Contrary to what his detractors say, I don’t believe Gibson is roused by violence in itself. What lures him, in his dark remoldings of Catholic iconography, is breakage and restoration—the deeper and more foul the wounds, the more pressing the need to see them healed.Lane gets credit for digging in search of a deeper theological current that Mel may be tapping into. (I believe Lane is Catholic himself?) I noticed something similar after watching TPOTC. Yes, the violence of film could only be justified in my mind as a magnifying glass on the sinfulness of mankind. But to what degree does that manufacture a certain perverse incentive, or "lust," for depravity, not in and of itself, but in quest of an ever-greater glory. The "wicked" paths of Graham Greene, Hemingway, and Oscar Wilde come to mind. Not that Gibson shares much in common with these literary greats, other than a deep-seated Catholic aesthetic, but I've always wondered how the particular tilt of the Catholic metanarrative can spin outward in uniquely pathological directions.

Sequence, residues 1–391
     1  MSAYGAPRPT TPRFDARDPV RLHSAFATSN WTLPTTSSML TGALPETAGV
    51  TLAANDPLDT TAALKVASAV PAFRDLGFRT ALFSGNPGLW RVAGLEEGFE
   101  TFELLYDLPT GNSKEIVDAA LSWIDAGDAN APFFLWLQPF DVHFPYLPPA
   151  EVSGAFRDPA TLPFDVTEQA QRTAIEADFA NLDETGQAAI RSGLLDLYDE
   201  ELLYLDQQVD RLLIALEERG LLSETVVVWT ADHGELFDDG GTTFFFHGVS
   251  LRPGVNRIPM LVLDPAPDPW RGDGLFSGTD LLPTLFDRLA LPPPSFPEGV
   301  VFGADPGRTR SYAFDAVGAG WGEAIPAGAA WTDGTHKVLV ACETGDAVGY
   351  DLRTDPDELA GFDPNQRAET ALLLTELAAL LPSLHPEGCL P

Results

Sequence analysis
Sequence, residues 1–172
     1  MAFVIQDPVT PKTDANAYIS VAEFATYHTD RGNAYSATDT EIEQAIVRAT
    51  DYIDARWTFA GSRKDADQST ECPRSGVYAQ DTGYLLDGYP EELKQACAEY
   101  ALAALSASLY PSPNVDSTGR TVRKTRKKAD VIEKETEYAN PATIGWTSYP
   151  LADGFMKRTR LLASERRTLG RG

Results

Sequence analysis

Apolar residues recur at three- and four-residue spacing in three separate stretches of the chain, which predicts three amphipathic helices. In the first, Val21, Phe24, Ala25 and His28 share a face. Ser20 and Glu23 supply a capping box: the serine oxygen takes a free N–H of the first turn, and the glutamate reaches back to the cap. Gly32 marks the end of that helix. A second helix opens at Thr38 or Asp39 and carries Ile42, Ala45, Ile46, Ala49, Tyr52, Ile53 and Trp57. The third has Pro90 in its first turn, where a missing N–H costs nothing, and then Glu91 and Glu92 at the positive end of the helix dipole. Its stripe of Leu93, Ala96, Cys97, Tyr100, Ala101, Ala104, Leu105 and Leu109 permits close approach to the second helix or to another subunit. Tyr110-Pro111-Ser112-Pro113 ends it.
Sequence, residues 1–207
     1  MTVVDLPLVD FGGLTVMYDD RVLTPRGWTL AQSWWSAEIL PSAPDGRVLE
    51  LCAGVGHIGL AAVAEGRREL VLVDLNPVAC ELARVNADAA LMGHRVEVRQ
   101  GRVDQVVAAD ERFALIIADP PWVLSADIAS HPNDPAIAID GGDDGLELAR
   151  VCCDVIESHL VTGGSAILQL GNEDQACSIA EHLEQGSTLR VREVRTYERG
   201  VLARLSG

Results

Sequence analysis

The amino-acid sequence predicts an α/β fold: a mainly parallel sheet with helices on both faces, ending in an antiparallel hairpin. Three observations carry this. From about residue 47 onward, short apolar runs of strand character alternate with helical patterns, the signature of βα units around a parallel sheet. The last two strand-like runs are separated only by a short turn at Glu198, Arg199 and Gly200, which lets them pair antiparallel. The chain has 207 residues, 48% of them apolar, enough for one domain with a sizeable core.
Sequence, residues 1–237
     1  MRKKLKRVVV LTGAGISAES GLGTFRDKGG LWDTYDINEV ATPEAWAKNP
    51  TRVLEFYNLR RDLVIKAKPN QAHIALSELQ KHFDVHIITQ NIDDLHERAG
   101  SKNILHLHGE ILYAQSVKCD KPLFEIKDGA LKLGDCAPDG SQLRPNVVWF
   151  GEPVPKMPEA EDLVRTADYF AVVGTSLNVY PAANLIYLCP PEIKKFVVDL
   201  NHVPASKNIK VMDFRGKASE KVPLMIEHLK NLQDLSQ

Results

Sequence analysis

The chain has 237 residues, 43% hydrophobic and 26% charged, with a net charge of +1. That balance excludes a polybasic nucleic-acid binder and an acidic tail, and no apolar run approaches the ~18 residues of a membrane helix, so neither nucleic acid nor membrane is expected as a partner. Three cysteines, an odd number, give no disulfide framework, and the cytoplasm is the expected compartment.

Monday, December 11, 2006
NYer on Apocalypto
Anthony Lane over at NYer takes an interesting spin on the op-ed sections' favorite dead-horse of the month: Mel's use of violence.